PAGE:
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July // Book Artist of the Month: Ellen Knudson

July 2, 2013 by Erin Fletcher


American Breeding Standards is the most recent work from Crooked Letter Press run by book artist and graphic designer Ellen Knudson and was produced in an edition of 60 in 2012-2013 in Gainesville, Florida. This artist book explores the systemized rules about what comprises a good or bad horse, a good or bad woman — and the steps one might take to achieve the breed standard.

American Breeding Standards was designed and letterpress printed on Zerkall Book paper. The illustrations and text are printed from photo-polymer plates and handset metal types. Some text excerpted from American Horses and Horse Breeding (John Dimon, 1895) and Canine Breeding Standards of the German Shepherd (American Kennel Club, 2012), while the rest of the text and illustration are by Ellen.

The binding structure is an exposed spine sewn on Cave Paper tapes and attached to paste paper covered boards. The cover of the book has a hinged pop-up that folds out. There are also 3 additional foldout pages throughout the book.

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While setting up the Marking Time exhibition for the Guild of Book Workers at Dartmouth College, I came across Ellen’s piece Self-Dual (How to Walk a 30,000 Mile Tightrope). By the way, I’ll be featuring this book in a post later this month. The prints featured in this artist book are beautifully illustrated and printed in rich and muted earth tones. The book was favorably executed as the dos-a-dos style binding. 

I’m excited to present this interview with Ellen and to post a portion of her work throughout the month of July. Ellen has such a versatile design sense, offering a range of artist books so throughly executed. Read the interview after the jump and come back each Monday in the month of July for more posts on Ellen Knudson.

After graduating from North Carolina State University in Graphic Design you later pursued a Master in Fine Arts from the University of Alabama where you studied Book Arts.  Can you talk about your interest in these fields and what your training was like, particularly in the book arts?
I’ve always loved language, writing, and letters. In high school, my friends and I wrote notes to each other and drew the typography, almost illuminating them! (Thank goodness there was no texting — where would I be today!?!?) We were graphic designers without knowing it! One friend even made a letter E out of steel wool (she’s a nurse now). The margins of my notebooks were packed full of illustrations of letters and all kinds of creatures. It’s just what I liked doing.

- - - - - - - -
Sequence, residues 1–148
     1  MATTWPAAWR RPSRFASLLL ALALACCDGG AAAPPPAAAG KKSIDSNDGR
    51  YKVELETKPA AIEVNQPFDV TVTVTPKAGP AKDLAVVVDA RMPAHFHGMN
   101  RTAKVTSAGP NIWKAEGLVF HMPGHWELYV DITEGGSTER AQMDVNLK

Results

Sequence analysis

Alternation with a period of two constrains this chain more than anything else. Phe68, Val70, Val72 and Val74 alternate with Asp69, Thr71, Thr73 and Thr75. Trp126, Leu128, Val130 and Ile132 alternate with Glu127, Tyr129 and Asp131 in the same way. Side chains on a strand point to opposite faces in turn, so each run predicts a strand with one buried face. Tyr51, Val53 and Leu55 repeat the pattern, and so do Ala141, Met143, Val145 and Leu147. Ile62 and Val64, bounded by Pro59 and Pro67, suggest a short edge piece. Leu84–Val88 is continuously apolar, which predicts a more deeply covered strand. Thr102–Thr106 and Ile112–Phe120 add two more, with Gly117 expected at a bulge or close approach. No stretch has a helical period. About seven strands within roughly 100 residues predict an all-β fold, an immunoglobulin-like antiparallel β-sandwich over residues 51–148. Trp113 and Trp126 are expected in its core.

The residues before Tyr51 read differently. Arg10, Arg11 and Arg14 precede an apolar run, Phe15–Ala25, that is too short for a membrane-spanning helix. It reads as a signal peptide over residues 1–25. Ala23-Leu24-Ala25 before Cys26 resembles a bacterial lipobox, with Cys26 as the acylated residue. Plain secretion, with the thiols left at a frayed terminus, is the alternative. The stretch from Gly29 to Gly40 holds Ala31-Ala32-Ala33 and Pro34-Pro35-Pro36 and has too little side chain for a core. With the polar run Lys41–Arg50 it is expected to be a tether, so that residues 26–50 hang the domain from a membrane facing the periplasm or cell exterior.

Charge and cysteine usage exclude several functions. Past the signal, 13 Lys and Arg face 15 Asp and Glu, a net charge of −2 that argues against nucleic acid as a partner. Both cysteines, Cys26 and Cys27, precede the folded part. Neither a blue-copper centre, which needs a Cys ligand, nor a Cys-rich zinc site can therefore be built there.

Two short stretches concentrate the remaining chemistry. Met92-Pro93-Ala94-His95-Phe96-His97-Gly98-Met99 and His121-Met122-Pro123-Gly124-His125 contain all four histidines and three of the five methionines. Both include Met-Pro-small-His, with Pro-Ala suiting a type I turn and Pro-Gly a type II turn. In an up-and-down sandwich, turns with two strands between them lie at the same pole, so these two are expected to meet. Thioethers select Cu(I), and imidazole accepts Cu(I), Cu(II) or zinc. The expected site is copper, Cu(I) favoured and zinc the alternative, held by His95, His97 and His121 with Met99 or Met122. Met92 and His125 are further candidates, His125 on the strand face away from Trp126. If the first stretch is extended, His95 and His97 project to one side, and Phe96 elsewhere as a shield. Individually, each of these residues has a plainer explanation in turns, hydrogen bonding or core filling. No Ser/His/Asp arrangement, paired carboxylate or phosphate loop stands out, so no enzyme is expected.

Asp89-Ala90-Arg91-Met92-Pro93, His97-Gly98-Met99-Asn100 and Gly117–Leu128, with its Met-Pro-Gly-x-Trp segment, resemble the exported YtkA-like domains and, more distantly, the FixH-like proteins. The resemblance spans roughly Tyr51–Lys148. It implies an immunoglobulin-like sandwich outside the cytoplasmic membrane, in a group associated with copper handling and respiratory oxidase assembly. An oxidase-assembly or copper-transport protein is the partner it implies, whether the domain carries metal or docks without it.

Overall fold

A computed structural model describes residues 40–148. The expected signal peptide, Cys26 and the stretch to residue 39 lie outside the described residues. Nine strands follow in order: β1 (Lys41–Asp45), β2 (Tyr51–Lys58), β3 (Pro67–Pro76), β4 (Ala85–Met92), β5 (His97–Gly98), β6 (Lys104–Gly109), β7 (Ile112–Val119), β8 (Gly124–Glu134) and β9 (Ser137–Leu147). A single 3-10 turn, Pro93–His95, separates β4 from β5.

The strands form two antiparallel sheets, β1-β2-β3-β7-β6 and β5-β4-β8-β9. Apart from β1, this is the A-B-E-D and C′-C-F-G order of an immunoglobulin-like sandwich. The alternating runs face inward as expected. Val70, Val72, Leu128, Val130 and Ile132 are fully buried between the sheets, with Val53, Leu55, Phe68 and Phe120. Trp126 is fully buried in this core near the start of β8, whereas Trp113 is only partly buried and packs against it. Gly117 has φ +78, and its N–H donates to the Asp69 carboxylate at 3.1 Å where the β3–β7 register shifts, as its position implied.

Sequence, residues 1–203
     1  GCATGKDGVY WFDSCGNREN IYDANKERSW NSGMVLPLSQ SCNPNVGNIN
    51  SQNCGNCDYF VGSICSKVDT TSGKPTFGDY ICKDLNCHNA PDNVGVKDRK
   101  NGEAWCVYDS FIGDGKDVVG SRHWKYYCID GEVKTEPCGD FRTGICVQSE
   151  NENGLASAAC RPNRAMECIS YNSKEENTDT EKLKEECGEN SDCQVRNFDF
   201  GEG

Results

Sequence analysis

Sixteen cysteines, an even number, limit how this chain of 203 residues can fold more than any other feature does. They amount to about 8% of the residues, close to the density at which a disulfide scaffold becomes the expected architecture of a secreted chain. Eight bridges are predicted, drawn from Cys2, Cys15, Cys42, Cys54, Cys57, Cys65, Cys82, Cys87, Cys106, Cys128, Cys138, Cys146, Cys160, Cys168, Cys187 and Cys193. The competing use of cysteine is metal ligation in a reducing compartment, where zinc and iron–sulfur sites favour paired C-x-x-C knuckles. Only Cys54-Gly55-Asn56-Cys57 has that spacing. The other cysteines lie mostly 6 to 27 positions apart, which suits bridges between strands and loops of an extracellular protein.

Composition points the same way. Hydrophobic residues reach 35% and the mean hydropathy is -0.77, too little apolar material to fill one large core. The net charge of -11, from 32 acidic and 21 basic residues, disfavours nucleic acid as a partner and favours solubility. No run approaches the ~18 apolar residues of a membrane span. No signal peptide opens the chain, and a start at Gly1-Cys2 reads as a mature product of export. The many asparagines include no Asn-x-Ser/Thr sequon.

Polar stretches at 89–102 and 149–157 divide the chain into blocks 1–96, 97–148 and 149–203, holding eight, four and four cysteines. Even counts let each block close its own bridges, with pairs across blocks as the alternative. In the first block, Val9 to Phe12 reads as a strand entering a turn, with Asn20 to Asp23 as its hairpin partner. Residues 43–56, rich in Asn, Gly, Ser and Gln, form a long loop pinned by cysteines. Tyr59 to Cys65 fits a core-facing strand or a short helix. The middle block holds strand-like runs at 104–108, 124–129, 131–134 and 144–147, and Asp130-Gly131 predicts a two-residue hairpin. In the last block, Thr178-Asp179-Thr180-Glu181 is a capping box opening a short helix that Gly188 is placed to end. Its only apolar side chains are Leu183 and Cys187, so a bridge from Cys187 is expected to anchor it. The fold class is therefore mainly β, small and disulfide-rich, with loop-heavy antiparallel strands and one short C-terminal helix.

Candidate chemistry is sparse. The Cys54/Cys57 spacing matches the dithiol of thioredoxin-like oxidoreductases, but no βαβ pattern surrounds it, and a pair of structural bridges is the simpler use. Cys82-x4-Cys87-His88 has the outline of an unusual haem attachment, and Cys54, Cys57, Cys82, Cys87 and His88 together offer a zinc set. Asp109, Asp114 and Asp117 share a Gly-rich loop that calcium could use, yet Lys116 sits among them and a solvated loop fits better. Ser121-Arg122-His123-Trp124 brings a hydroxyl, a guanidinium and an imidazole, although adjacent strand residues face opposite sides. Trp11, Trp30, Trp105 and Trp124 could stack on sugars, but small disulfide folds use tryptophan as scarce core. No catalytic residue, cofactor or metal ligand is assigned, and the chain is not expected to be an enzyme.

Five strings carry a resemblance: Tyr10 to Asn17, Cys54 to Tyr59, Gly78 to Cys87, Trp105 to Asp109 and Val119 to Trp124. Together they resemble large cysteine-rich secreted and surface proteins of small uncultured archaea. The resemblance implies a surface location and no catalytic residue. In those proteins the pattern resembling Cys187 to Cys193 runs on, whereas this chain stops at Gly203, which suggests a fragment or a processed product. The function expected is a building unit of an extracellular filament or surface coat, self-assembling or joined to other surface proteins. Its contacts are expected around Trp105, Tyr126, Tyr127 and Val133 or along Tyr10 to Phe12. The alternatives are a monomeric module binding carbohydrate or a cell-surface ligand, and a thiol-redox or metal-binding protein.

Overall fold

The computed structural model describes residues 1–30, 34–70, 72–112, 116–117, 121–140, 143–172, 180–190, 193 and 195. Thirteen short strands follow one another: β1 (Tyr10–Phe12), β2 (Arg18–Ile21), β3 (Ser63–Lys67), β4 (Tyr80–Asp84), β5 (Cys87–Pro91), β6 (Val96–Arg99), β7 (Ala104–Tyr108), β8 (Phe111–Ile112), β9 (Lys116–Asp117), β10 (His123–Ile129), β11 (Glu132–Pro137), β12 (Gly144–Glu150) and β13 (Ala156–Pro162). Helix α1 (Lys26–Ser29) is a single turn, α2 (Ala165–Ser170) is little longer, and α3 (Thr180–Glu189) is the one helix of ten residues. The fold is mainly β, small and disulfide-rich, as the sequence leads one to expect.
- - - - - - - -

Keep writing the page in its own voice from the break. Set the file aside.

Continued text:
I pursued graphic design because of my attraction to typography. I saw a letterpress printed piece when I was a junior at N.C. State. I loved the tactile nature of the type and paper. That was when I fell in love with the materiality of letterpress. After college I worked as a graphic designer for 12 years, always keeping letterpress in the back of my mind. During that time, I made my own one-of-a-kind books using stamps, stencils, transfer type, and colored pencils, never realizing that Book Arts existed as a discipline. In the late 1990s, I was lucky enough to live in Chicago and worked at the museum The Art Institute of Chicago as a designer (still to this day, my favorite job ever). I discovered Columbia College Chicago Center for Book and Paper, and it was there that I had my first experience with Book Arts. I was so excited about letterpress and book arts that I bought a Vandercook Universal I from Dave Churchman in Indianapolis.

In 2002 my husband, 3 year old son, and I moved to Mississippi and a year later I decided to attend the Book Arts graduate program at The University of Alabama. It was the perfect program for me because I needed and wanted to learn the fine crafts of letterpress printing, hand bookbinding, and papermaking. I had previous exposure to the processes, but the Alabama program provides a modern, fine press approach that is meticulous and very centered on craft. I had also taken a couple of fantastic workshops at Penland School of Crafts, but it was really the UA Book Arts Program (Steve Miller and Anna Embree) that helped me pull all of my experiences into something concrete.

Can you discuss your process for transforming an idea into a physical book and how you play with the book structure?